Some thoughts on social media

If I shrink wrap my life—curate it, caption it—to fit squares on a screen, how do I know what’s real?

If I filter my life—sanitize it, edit it—to garner approval from others, how do I know what’s true?

I open Instagram and in a span of about ten minutes I ask my heart and mind to process life, death, and everything in between.

I see babies being evacuated from a NICU in Ukraine, but I can’t feel their small fingers grasping mine or hear the beeping of their monitors or watch the slow drip of IV fluids into their bloodstreams.

I see a food blogger presenting The Best Ever chocolate cake, but I can’t push my fork into its pillowy softness or taste its decadence or hear the clink of dishes as she cleans up the mess.

I see a newborn wrapped in a towel—“Baby’s first bath!”—but I can’t feel the weight of the child or hear water running into the porcelain tub or smell the sweet scented lotion on her skin.

I see someone (someone I have never met in real life) on vacation in California, but I can’t hear the crashing of ocean waves or feel the sun on my skin or taste the crunchy tacos eaten after a swim.

I see a friend from high school walking down the aisle towards her groom, but I can’t hear the notes of Pachelbel’s Canon in D or taste the tingle of champagne on my tongue during toasts or feel the smooth satin of her wedding dress as I give her a hug.

I see families driving away from Ukraine in droves, their taillights creating a sorrowful string of Christmas lights, but I can’t hear the panic in their voices or see their trembling hands grip the steering wheel or hold their crying children in the backseat. The children they love just as much as I love mine.

I close the app and say a short prayer for the people of Ukraine, for peace, for God’s love to fill in the cracks created by sin. I notice I have a subtle craving for chocolate cake. I wonder if we should have another baby—all my friends on Instagram are, and babies look so cute after a bath, and I really didn’t mind breastfeeding now that I think about it, and I forget what hours of colicky crying can do to a person. If we don’t have a baby this year, we should definitely take a trip to California. Wait. People in Russia and Ukraine are at war right now; why am I thinking about vacation?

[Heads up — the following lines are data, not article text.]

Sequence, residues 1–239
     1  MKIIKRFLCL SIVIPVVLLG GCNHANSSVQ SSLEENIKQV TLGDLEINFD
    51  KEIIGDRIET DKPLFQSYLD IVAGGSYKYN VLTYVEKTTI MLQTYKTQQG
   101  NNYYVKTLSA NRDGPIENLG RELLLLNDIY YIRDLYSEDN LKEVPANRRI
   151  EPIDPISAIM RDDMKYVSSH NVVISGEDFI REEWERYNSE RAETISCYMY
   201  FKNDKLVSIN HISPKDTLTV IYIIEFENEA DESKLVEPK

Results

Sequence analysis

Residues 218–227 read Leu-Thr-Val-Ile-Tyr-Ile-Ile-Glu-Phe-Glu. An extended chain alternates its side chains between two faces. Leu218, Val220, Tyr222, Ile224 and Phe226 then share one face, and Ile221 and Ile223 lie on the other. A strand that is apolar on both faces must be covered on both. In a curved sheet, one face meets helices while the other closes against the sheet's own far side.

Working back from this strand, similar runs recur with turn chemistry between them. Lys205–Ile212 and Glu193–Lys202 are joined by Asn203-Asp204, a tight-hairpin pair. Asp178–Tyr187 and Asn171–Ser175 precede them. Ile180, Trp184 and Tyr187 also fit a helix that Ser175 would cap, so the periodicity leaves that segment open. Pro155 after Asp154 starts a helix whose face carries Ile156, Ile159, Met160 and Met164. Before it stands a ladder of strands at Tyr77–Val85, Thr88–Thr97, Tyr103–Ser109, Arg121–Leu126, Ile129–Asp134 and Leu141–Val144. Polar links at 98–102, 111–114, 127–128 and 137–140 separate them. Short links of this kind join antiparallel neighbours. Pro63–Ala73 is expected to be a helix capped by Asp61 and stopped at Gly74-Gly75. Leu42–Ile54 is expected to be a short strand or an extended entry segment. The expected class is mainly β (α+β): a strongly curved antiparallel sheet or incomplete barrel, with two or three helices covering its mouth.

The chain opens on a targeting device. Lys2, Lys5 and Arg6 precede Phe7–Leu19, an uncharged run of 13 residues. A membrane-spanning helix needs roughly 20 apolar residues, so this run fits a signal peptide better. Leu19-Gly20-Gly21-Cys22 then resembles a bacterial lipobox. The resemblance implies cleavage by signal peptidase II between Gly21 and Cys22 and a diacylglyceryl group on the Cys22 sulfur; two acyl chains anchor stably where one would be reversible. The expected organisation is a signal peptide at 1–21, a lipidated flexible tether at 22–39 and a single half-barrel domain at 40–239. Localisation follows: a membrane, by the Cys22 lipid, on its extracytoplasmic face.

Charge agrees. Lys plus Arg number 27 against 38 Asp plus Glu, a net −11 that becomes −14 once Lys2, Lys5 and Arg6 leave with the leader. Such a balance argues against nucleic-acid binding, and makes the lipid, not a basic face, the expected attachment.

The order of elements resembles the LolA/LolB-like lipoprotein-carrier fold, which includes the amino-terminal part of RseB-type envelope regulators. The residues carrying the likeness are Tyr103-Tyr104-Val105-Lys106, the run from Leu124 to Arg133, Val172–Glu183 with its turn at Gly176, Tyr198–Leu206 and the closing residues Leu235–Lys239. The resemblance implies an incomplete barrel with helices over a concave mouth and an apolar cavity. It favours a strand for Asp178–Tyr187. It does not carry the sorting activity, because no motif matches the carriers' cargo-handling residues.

I toss my phone into a kitchen drawer and look up. What have my children been doing for the past ten minutes while I got sucked into a void of tiny, compelling squares? One is jumping on the couch, precariously close to the edge, and the other is banging pieces of wooden fruit on the floor.

As I try to process the torrential downpour of information from Instagram and headlines and news clips, it seems as if I am being asked to feel something while simultaneously being anesthetized to it.

Where is the line between so much information that you become desensitized, and not enough so that you drift into apathy? I don’t want to be ignorant or heartless or so privileged that I just go about my comfortable daily life without giving the suffering of the world a second thought. Now that I know this information, I have a responsibility to it. I want to feel something! Do something!

I vaguely recall a Mother Teresa quote, “If you want to change the world, go home and love your family.” Is this true? Is this enough?

I join my children in the living room. We cut wooden fruit and they giggle and fuss and settle into my lap for a book. We read Llama Llama, I Love You. I feel their comforting weight and kiss their velvet cheeks and smell peanut butter from the sandwiches they ate for lunch. I think about how many mothers in Ukraine have been robbed of these simple, peaceful moments, and it hurts. I turn the page and keep reading.

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